The hallways were mostly empty. The lawmakers were mostly masked. The interactions were mostly awkward.
The General Assembly’s return to the state Capitol after a two-month coronavirus pause looked anything but normal. Members of the House sat at desks divided by plexiglass or in the gallery above the chamber shouting down their votes on legislation. In the Senate, some legislators were forced to balance computers on their laps as they worked in areas of the chamber’s floor typically designated for seating visitors.
“It’s an 11 on the weird scale,” said Senate Majority Leader Steve Fenberg, a Boulder Democrat.
The differences began from the moment visitors entered the gold-domed building, in part because of a last-minute decision by Democratic leaders to put in place mandatory public health protocols.
At the door, visitors had their temperature checked with a contactless thermometer, and volunteers with a global public health organization asked screening questions about potential symptoms. “Do you have a new or worsening cough today? Do you have shortness of breath or difficulty breathing? Do you have a sore throat or other flu-like symptoms?” people entering the building are asked.
The temperatures were written down in a log along with the time of day they are taken. Anyone granted entry was given a red band to wear around their wrist. Red tape and signs direct people on which direction to walk, where to sit and which staircases to take in the narrow corridors.
The public is required to wear masks – but it remains optional for lawmakers – as part of the new rules issued less than 24 hours before session restarted. The move reversed an earlier decision from Democratic leaders to issue only informal guidance requesting that people wear masks.
“The General Assembly, acting with newly received legal guidance, will follow the recommendations of medical experts as we responsibly return to work in the Capitol,” House Majority Leader Alec Garnett, D-Denver, said in a statement.
Masks showcased a partisan divide in the Capitol. All Democratic lawmakers wore masks, but many Republicans did not.
State Sen. Vicki Marble, R-Fort Collins, said she didn’t wear a face covering because it inhibits her breathing and she has allergies. She also questioned their efficacy, even though the Centers for Disease Control and Prevention recommend them.
A lot to do, and little timeColorado lawmakers are expected to remain in session only for three weeks, even though a recent court ruling allows them to continue for longer. The legislature paused its session just past the halfway point March 14 as coronavirus began to spread.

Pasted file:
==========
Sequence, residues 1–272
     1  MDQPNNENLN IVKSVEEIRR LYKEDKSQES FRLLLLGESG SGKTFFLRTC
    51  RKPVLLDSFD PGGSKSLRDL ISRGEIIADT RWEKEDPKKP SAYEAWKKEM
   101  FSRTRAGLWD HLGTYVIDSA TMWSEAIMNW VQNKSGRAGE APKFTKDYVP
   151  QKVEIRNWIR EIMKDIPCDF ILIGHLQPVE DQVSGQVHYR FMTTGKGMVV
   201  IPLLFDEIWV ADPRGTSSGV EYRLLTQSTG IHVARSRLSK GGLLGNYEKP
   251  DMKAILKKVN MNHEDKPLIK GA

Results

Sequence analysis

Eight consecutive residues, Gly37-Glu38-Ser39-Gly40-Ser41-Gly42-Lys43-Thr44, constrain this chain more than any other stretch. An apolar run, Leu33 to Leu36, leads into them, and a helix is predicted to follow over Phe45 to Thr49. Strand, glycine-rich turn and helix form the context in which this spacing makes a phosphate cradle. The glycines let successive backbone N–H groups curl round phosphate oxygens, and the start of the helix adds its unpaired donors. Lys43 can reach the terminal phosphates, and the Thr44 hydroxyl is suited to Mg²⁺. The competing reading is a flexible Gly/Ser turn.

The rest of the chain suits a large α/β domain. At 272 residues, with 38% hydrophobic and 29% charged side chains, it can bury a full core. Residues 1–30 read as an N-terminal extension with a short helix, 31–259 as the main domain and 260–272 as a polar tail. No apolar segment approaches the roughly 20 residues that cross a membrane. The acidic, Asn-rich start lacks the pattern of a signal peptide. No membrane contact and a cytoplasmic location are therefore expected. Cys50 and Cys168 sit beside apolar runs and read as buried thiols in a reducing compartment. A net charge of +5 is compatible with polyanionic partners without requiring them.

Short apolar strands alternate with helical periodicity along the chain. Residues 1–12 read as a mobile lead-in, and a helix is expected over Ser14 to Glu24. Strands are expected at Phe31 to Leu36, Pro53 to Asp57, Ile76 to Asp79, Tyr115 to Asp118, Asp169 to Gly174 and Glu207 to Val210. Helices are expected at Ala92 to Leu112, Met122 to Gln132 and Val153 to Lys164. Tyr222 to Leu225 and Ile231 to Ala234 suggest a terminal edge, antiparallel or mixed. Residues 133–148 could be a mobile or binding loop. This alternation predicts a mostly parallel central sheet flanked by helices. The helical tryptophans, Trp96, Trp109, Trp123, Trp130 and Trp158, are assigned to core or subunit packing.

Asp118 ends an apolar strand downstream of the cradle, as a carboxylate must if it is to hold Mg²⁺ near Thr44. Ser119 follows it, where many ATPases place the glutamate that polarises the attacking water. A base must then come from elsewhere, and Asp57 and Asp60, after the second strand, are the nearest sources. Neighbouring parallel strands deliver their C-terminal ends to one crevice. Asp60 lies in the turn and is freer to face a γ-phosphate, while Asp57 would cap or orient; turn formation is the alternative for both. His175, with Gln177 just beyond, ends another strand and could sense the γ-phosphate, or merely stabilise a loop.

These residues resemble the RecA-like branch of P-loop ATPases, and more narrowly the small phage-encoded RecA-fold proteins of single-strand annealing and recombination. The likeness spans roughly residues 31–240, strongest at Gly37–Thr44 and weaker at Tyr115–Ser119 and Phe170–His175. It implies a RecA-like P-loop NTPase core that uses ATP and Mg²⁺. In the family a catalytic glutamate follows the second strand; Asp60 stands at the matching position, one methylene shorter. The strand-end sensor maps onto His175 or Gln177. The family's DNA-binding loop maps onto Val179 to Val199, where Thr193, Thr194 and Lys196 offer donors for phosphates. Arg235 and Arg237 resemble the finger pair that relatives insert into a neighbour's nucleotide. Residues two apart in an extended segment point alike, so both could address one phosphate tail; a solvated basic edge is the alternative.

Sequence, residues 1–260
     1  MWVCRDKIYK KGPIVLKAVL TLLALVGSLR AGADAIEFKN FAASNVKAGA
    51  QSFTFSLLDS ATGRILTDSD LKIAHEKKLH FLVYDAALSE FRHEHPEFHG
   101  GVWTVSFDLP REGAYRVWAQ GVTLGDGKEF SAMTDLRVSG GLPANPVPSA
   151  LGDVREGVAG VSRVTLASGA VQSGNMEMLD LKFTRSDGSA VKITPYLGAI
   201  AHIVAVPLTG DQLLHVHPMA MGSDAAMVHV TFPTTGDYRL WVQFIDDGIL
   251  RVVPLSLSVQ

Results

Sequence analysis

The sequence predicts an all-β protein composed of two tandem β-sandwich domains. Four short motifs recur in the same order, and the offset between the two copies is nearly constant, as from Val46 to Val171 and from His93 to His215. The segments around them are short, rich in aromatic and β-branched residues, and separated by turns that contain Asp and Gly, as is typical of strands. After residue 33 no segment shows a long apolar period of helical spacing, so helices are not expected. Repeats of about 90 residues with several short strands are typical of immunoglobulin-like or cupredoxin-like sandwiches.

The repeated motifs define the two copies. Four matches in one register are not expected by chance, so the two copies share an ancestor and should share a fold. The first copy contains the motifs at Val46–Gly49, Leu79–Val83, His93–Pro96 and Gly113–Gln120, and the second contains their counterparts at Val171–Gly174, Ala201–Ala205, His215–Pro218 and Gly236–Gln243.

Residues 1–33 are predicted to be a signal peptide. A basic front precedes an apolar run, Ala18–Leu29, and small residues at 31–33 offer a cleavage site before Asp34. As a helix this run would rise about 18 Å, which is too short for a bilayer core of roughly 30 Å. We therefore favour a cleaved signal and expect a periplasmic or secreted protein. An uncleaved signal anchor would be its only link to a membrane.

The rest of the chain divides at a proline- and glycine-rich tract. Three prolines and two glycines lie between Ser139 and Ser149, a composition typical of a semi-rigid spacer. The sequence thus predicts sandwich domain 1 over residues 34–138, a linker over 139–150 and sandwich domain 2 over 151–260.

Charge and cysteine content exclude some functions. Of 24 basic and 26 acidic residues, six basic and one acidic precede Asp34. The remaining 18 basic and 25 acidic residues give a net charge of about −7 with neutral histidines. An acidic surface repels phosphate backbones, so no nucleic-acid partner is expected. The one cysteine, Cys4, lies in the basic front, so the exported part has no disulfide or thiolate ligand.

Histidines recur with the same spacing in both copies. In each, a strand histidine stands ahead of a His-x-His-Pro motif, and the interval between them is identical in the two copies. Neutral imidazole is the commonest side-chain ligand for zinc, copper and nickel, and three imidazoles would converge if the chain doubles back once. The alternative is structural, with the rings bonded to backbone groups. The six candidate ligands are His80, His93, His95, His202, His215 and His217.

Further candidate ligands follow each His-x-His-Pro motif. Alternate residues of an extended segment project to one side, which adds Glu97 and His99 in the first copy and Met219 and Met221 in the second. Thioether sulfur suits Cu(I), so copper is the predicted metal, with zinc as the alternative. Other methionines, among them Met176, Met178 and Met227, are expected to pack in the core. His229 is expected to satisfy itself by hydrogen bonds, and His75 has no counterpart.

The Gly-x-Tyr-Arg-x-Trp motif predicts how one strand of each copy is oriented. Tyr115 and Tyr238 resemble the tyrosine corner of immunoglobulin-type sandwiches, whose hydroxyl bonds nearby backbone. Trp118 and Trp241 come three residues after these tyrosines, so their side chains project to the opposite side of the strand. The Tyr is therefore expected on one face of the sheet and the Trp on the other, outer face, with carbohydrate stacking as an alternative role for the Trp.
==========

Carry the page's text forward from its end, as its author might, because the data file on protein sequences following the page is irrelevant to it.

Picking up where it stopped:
The pandemic scrambled the legislative agenda, scuttling hundreds of bills and leading lawmakers to introduce new ones. Democratic leaders said the focus now is stronger workplace safety requirements, helping families make ends meet and protecting vulnerable communities from the economic and health dangers of the coronavirus.
The goal is to get out as soon as possible. “We want to act quickly to minimize our time in the legislature,” said House Speaker KC Becker, a Boulder Democrat.
In the House, lawmakers’ tightly packed desks are now separated by clear plastic partitions. Nine lawmakers sat in the gallery above the chamber floor at makeshift desks with room for a laptop and bill folders. Other lawmakers did not attend because of health conditions or concerns about COVID-19.
One of the lawmakers in the gallery Rep. Hugh McKean, R-Loveland, shouted down his vote on a bill to add requirements on new homebuilders rather than press a green (yes) or red (no) button on his desk. “I actually think it’s fun to voice vote at the end, because it’s not a green or red name on a screen. I voted ‘heck no’ on a bill I didn’t really like.”
Other elements of the lawmaking appeared normal as lawmakers went from desk to desk talking to colleagues and stood together at the front of the chamber to present their bills, in both cases ignoring guidance to stay six feet apart.
“There’s a degree to which we are all going to live in whatever degree of risk that we have to,” said McKean, who served on a committee that drafted safety protocols. “I don’t know that we are going to get past that.”Most lobbyists stay away
In the Senate, lawmakers were moved onto the cushioned seats lining the chamber walls to make more space. They were forced to balance their computers and papers on their laps as they worked. Staffers were spread out, too, including onto a table that’s normally reserved for reporters.
There weren’t clear partitions between desks in the Senate. Lawmakers were seated with a vacant desk between them.
Sen. Kerry Donovan, a Vail Democrat, said some routines made things feel normal, such as the prayer before the Senate convenes, roll call for attendance and reciting the Pledge of Allegiance.
“At least today there seemed to be a spirit of ‘we’re all in this together,’” she said, though she expressed concern that the mood could change.
Sen. Paul Lundeen, a Colorado Springs Republican clad in an American flag face covering, said he doesn’t think his health is at risk. “I’m not worried at all,” he said.
But Lundeen said he recognizes that others may not feel the same.
Outside the chambers, the building was not its bustling self. Many lobbyists were opting to stay away. The small rooms off the House and Senate floors, where notes are often passed to lawmakers, are closed.
At least one lobbying firm has instructed its staff to stay away. “It’s incredibly weird to be a lobbyist who isn’t in the lobby,” said Becky Long, who works on environmental issues.
She’s keeping tabs on the legislature from her office across the street. “We are encouraging our clients and our team to work remotely,” Long said. “We don’t feel like we can ensure a safe environment for everyone,” she said.
“And given that the lobby is closed and legislators won’t be taking cards, there’s really not much reason to be in the building for us.”